We do not consider the eminent-domain or timeliness arguments because the briefing on them is deficient under Fed. R. App. P. 28(a)(8). See Bronson v. Swensen, 500 F.3d 1099, 1104-05 (10th Cir. 2007) (“[W]e routinely have declined to consider arguments that are not raised, or are inadequately presented, in an appellant's opening brief. ․ [C]ursory statements, without supporting analysis and case law, fail to constitute the kind of briefing that is necessary to avoid application of the forfeiture doctrine.”). The Fadels merely cite the eminent-domain statutes in their appellate brief, without any meaningful discussion or analysis of them. And the assertion that the motion to dismiss was not timely filed appears only within the issue statement of their brief.

We review de novo the district court's Rule 12(b)(6) dismissal of the Fadels' claims against Farmington City, accepting all well-pleaded factual allegations as true. Howard v. Waide, 534 F.3d 1227, 1242-43 (10th Cir. 2008). “To survive a motion to dismiss, a complaint must contain sufficient factual matter, accepted as true, to ‘state a claim to relief that is plausible on its face.’ ” Ashcroft v. Iqbal, 556 U.S. 662, 678 (2009) (quoting Bell Atl. Corp. v. Twombly, 550 U.S. 544, 570 (2007)); see also Khalik v. United Air Lines, 671 F.3d 1188, 1190 (10th Cir. 2012) (“A plaintiff must nudge his claims across the line from conceivable to plausible in order to survive a motion to dismiss.” (alteration and internal quotation marks omitted)).

We agree with the district court that the Fadels' complaint “essentially amounts to a collateral attack on extended administrative and judicial processes in Utah's state and appellate courts that culminated in the demolition of [Rock Manor's] structure.” Aplt. App. at 42. The Fadels have had ample opportunities to challenge the demolition and do not advance any new meritorious arguments in this case. The district court carefully considered their claims and concluded that they are not plausible. We affirm for substantially the same reasons articulated in the district court's thorough, well-reasoned decision dated May 12, 2016.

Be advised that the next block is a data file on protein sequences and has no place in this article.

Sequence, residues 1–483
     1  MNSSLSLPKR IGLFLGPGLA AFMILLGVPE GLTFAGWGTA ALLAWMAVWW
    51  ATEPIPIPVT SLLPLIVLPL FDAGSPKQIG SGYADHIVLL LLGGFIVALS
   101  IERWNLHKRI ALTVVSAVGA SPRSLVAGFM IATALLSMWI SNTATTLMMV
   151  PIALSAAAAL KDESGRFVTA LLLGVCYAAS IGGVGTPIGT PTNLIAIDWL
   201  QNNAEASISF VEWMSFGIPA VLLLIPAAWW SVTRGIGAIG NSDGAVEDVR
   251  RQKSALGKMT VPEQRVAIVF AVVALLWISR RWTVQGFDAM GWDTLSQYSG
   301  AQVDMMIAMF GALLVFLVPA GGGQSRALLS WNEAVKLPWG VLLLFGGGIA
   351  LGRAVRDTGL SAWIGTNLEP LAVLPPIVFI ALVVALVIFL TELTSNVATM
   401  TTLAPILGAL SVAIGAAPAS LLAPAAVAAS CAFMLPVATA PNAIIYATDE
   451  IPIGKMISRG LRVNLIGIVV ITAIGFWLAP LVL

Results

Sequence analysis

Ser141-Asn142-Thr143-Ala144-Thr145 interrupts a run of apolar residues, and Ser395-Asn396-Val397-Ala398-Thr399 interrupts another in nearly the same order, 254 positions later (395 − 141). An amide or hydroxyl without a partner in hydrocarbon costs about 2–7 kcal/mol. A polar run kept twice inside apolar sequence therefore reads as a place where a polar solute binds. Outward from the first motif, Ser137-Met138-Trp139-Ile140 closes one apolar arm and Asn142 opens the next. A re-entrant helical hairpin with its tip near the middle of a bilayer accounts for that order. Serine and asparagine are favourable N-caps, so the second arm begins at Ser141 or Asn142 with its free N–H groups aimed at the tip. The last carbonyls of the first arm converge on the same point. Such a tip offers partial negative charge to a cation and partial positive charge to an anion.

In affirming, we reject the Fadels' assertion that the district court erred in taking judicial notice of public records from the parties' administrative and judicial proceedings without converting Farmington City's motion to dismiss into a motion for summary judgment. The district court correctly noted that “ ‘facts subject to judicial notice may be considered in a Rule 12(b)(6) motion without converting the motion to dismiss into a motion for summary judgment.’ ” Id. at 32 (quoting Tal v. Hogan, 453 F.3d 1244, 1264-65 n.24 (10th Cir. 2006)). This includes another court's publicly filed records “concerning matters that bear directly upon the disposition of the case at hand.” United States v. Ahidley, 486 F.3d 1184, 1192 n.5 (10th Cir. 2007); see also St. Louis Baptist Temple, Inc. v. F.D.I.C., 605 F.2d 1169, 1172 (10th Cir. 1979) (“[F]ederal courts, in appropriate circumstances, may take notice of proceedings in other courts, both within and without the federal judicial system, if those proceedings have a direct relation to matters at issue.”). The records at issue here document the review and authorization of Farmington City's actions and thus have “a direct relation” to this case.

III. Conclusion

For these reasons, we affirm the district court's order dismissing the Fadels' claims under Rule 12(b)(6).

Entered for the Court


1.   The district court's decision was issued by a magistrate judge, sitting by consent of the parties. See 28 U.S.C. § 636(c)(1), (3).

2.   The appeal is timely even though the Fadels did not file their notice of appeal within thirty days of final judgment, as required by Fed. R. App. P. 4(a)(1). After we noted this deficiency in a show-cause order, the Fadels requested an extension of time to appeal under Fed. R. App. P. 4(a)(5), explaining that they paid the docketing fee before the deadline and believed the electronic filing was complete as well. The district court granted the motion, and the Fadels filed a notice of appeal within the designated time frame.

Carolyn B. McHugh Circuit Judge